Disability Services Provision

Questions (621)

Michael Lowry

Question:

621. Deputy Michael Lowry asked the Minister for Health his plans to have an orderly resumption of all-day services for persons with disabilities in County Tipperary in view of the current Covid-19 restrictions; and if he will make a statement on the matter. [2743/21]

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Written answers (Question to Health)

On 6 January 2021, the Health Service Executive (HSE) issued revised guidance measures for Disability Services in the context of current high levels of Covid 19 transmission rates in the community. The revised guidance reflects Government’s intention that disability services will remain open at each level of the Resilience and Recovery Framework, subject to evolving public health guidance.

Service providers have been asked not to take unilateral action in relation to the provision of services and to ensure that robust communications plan are put in place to ensure that each service user and their families have a clear understanding of services to be provided during this current phase.

The following guidance is under continuing review and will be guided by Public Health advice:

1. Residential & PA/home support: Residential and home support/ personal assistant services continue to be prioritised and delivered subject to a revised Risk Assessment, Public Health Guidance and direction.

2. Respite Services: People with complex medical/clinical needs are to remain at home and will receive home support where possible, subject to risk assessment and prioritisation criteria.

3. Children’s Services: Therapy services for children with disabilities have been identified as “Level 1” in the HSE business continuity plan. Services will continue to be provided either remotely or face to face as appropriate during the current COVID-19 restrictions. The provision of Assessments of Need under the Disability Act continues to be a priority and each CHO area will continue to evaluate their plans on an on-going basis.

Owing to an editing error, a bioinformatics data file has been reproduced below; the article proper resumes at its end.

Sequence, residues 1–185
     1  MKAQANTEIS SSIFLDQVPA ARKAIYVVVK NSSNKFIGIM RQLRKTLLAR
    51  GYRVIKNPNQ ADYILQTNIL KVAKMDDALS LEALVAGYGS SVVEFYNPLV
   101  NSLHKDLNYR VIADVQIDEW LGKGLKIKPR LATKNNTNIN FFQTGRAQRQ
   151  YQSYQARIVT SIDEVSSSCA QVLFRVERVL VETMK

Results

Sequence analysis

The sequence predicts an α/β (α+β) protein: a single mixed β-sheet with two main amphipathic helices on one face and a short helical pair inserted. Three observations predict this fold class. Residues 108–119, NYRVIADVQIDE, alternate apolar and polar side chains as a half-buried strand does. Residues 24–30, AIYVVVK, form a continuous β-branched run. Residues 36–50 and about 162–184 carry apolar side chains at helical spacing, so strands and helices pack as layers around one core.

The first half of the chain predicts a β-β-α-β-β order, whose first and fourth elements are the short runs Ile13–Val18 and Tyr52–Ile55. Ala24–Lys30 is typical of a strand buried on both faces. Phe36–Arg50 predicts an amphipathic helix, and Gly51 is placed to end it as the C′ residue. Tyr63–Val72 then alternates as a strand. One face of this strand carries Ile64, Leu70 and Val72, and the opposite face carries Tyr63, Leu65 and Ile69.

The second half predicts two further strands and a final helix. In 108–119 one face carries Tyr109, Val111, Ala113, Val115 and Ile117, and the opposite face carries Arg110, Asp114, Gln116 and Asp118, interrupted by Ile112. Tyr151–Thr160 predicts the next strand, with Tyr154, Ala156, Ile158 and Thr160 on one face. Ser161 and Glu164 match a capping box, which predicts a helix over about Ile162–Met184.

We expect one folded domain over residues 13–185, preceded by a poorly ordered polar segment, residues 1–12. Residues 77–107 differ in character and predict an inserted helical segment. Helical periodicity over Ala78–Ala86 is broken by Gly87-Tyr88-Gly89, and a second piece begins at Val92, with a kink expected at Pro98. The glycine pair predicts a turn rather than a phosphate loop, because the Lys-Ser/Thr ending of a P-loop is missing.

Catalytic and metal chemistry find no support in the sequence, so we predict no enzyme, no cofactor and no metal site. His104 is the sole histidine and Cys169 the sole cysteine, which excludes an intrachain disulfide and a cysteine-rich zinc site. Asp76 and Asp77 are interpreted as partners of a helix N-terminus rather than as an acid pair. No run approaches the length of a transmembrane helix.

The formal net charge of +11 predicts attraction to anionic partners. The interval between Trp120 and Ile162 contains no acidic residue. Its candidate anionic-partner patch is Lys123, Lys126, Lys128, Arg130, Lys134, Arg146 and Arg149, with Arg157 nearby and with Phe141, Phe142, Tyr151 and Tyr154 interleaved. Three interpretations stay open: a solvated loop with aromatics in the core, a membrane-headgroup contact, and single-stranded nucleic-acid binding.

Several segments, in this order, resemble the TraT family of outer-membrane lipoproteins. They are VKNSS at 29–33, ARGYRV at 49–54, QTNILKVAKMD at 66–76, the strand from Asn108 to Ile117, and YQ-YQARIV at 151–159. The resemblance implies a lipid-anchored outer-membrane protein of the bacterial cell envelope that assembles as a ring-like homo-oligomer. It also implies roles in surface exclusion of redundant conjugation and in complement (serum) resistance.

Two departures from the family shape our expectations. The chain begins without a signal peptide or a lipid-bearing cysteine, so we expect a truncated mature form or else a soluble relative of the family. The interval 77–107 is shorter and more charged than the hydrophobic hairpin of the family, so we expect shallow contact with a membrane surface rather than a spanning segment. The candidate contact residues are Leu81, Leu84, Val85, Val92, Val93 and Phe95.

4. Adult Day Services: Extra funding has been provided to build capacity in buildings and to provide extra staff. This will ensure that maximum services will continue at a scale so that they can be provided safely to those most in need. Day services continue to be prioritised and delivered subject to a revised Risk Assessment, Public Health Guidance and direction. People with complex medical/ clinical related needs are to remain at home and, where possible to receive the same number of hours support in the home as they had been in receipt of pre-Christmas in day service locations. Providers have been asked to reduce contacts via hubs/bubbles, with dedicated staff for dedicated service users, where possible. Where families are uncomfortable with allowing their family member to return to a day service location, a package of support within available resources will be agreed with the service user and family.

The full guidance is available on the HSE website at:

https://www.hse.ie/eng/services/news/newsfeatures/covid19-updates/partner-resources/guidance-measures-for-disability-services-with-current-high-levels-of-covid-19-community-transmission.pdf

Vaccination Programme

Questions (622)

Michael McNamara

Question:

622. Deputy Michael McNamara asked the Minister for Health when patients who are being cared for in their homes with the support of home help seven days per week will be scheduled for Covid-19 vaccination; if they will be prioritised; and if he will make a statement on the matter. [2750/21]

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Written answers (Question to Health)

The COVID-19 Vaccine Allocation Strategy sets out a provisional list of groups for vaccination. The Strategy was developed by the National Immunisation Advisory Committee (NIAC) and my Department, endorsed by the National Public Health Emergency Team (NPHET), and approved by Government on 8 December 2020.

Vaccine allocation is a matter for my Department and further information is available here: https://www.gov.ie/en/publication/39038-provisional-vaccine-allocation-groups/.

The rollout of the COVID-19 vaccination programme is the responsibility of the HSE.

The aim of the COVID-19 vaccination programme is to ensure, over time, that vaccine will become available to vaccinate all of those for whom the vaccine is indicated. Given that there will be initially limited vaccines available, it will take some time for all to receive those vaccines and that has necessitated an allocation strategy to ensure that those most at risk of death and serious illness receive the vaccine first.

The priority is to first vaccinate and protect directly the most vulnerable amongst us, that is, those most likely to have a poor outcome if they contract the virus. The priority is to directly use vaccines to save lives and reduce serious illness, hence the focus on the over 65 year old cohort in long term residential care facilities, and healthcare workers in frontline services often caring for the most vulnerable.